Quantcast
Environmental News for a Healthier Planet and Life

IKEA Continues to Lead in Solar Energy Installations

Business
IKEA Continues to Lead in Solar Energy Installations

IKEA has commenced work on a new solar panel array that will double the amount of generation at a store just outside, Boston, MA.

The retailer, which installed solar projects on 39 of its 44 U.S. locations last year, recently began work on a 58,575-square-foot addition to its Stoughton, MA location. The addition will make space for 1,248 panels to be installed next spring and produce 383,200 kilowatt hours (kWh) per year.

IKEA will add 1,248 solar panels to a location just outside Boston. Photo credit: IKEA

“We are thrilled at the opportunity to double the amount of solar energy generated and used by this store,” Anton van Dongen, store manager, said in a statement. “This is another example of the IKEA commitment to create a more sustainable life for communities where we operate.” 

Once the project is completed, the Stoughton site will have a total of 5,468 panels that generate 1,078,200 kWh. Using the U.S. Environmental Protection Agency's Greenhouse Gas Equivalencies Calculator, IKEA estimates that total to be the equivalent of reducing 761 tons of carbon dioxide, eliminating the emissions of 158 cars or powering 105 homes.

Nearly 90 percent of IKEA's stores are powered by solar energy.

IKEA allocated $1.8 billion to invest in renewable energy through 2015. The company aims to use 100 percent clean energy by 2020. The Swedish company has installed more than 300,000 solar panels on buildings across the world and owns and operates 137 wind turbines in Europe.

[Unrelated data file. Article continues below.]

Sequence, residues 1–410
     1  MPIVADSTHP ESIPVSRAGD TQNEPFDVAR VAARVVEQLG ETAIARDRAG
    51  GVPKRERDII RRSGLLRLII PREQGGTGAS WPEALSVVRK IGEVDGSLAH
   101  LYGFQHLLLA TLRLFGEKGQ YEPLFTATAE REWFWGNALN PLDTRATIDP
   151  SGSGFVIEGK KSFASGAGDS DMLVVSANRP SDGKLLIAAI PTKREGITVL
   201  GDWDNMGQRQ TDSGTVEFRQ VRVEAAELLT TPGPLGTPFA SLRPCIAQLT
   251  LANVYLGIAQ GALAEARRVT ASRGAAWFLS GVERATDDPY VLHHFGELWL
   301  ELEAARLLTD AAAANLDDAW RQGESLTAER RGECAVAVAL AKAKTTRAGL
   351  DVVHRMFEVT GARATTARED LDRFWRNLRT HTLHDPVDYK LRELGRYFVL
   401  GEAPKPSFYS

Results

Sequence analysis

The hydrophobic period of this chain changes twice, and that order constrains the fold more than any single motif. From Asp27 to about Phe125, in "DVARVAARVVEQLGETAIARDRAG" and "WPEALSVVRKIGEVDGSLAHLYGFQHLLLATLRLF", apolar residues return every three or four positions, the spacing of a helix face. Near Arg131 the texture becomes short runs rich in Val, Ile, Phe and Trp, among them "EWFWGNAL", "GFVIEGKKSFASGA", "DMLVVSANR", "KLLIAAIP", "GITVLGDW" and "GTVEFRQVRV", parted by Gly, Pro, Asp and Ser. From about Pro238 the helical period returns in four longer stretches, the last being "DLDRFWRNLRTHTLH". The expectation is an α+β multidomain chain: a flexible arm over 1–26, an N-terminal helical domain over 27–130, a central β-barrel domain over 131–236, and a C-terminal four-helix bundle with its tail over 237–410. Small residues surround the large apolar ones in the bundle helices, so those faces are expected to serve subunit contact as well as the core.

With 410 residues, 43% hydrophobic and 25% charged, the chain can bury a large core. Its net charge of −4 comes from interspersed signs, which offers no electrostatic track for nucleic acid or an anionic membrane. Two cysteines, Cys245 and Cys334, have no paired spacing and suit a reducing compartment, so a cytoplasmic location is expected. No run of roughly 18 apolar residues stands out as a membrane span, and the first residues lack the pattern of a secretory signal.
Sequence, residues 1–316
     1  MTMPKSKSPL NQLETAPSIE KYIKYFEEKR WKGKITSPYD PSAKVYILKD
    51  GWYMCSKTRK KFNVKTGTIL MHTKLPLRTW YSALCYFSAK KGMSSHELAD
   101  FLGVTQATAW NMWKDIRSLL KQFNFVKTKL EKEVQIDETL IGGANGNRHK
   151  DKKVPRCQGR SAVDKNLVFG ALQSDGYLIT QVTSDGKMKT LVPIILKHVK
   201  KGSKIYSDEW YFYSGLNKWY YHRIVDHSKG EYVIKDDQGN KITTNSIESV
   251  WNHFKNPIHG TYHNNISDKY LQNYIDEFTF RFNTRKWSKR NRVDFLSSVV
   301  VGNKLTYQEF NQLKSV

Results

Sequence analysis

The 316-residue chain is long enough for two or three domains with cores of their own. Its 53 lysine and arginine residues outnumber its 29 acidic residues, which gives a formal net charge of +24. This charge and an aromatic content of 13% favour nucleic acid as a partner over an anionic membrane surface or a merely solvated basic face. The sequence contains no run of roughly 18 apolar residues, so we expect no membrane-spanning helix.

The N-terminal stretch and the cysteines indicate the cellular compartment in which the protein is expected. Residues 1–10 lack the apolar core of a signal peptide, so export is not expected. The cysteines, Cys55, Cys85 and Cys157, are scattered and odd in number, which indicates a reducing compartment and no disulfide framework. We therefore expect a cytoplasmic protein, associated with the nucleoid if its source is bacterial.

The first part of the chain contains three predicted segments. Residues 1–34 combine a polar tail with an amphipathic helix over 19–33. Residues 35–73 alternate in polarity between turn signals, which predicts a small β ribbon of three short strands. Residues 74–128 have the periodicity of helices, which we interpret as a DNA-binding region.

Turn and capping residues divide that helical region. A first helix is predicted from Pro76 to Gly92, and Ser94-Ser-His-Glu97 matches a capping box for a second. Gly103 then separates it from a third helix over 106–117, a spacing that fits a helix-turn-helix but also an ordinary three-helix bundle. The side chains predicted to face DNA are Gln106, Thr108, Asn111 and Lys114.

IKEA's other sustainable efforts include recycling waste material using energy-efficient HVAC and lighting systems, recycling construction materials, using skylights in warehouses and conserving water in its restrooms. Last month, the company announced that it would take on the largest geothermal project in the history of Kansas and Missouri to heat and cool its Merriam store, just outside Kansas City.

A replica of a titanosaur. AIZAR RALDES / AFP via Getty Images

New fossils uncovered in Argentina may belong to one of the largest animals to have walked on Earth.

Read More Show Less

EcoWatch Daily Newsletter

Trump's Affordable Clean Energy rule eliminated a provision mandating that utilities move away from coal. VisionsofAmerica /Joe Sohm / Getty Images

A federal court on Tuesday struck down the Trump administration's rollback of the Obama-era Clean Power Plan regulating greenhouse gas emissions from power plants.

Read More Show Less

Trending

A wild mink in Utah was the first wild animal in the U.S. found with COVID-19. Peter Trimming via Wikipedia, CC BY-SA

By Jonathan Runstadler and Kaitlin Sawatzki

Over the course of the COVID-19 pandemic, researchers have found coronavirus infections in pet cats and dogs and in multiple zoo animals, including big cats and gorillas. These infections have even happened when staff were using personal protective equipment.

Read More Show Less
A mass methane release could begin an irreversible path to full land-ice melt. NurPhoto / Contributor / Getty Images

By Peter Giger

The speed and scale of the response to COVID-19 by governments, businesses and individuals seems to provide hope that we can react to the climate change crisis in a similarly decisive manner - but history tells us that humans do not react to slow-moving and distant threats.

Read More Show Less
Doug Emhoff, U.S. Vice President-elect Kamala Harris, Jill Biden and President-elect Joe Biden wave as they arrive on the East Front of the U.S. Capitol for the inauguration on Jan. 20, 2021 in Washington, DC. Joe Raedle / Getty Images

By John R. Platt

The period of the 45th presidency will go down as dark days for the United States — not just for the violent insurgency and impeachment that capped off Donald Trump's four years in office, but for every regressive action that came before.

Read More Show Less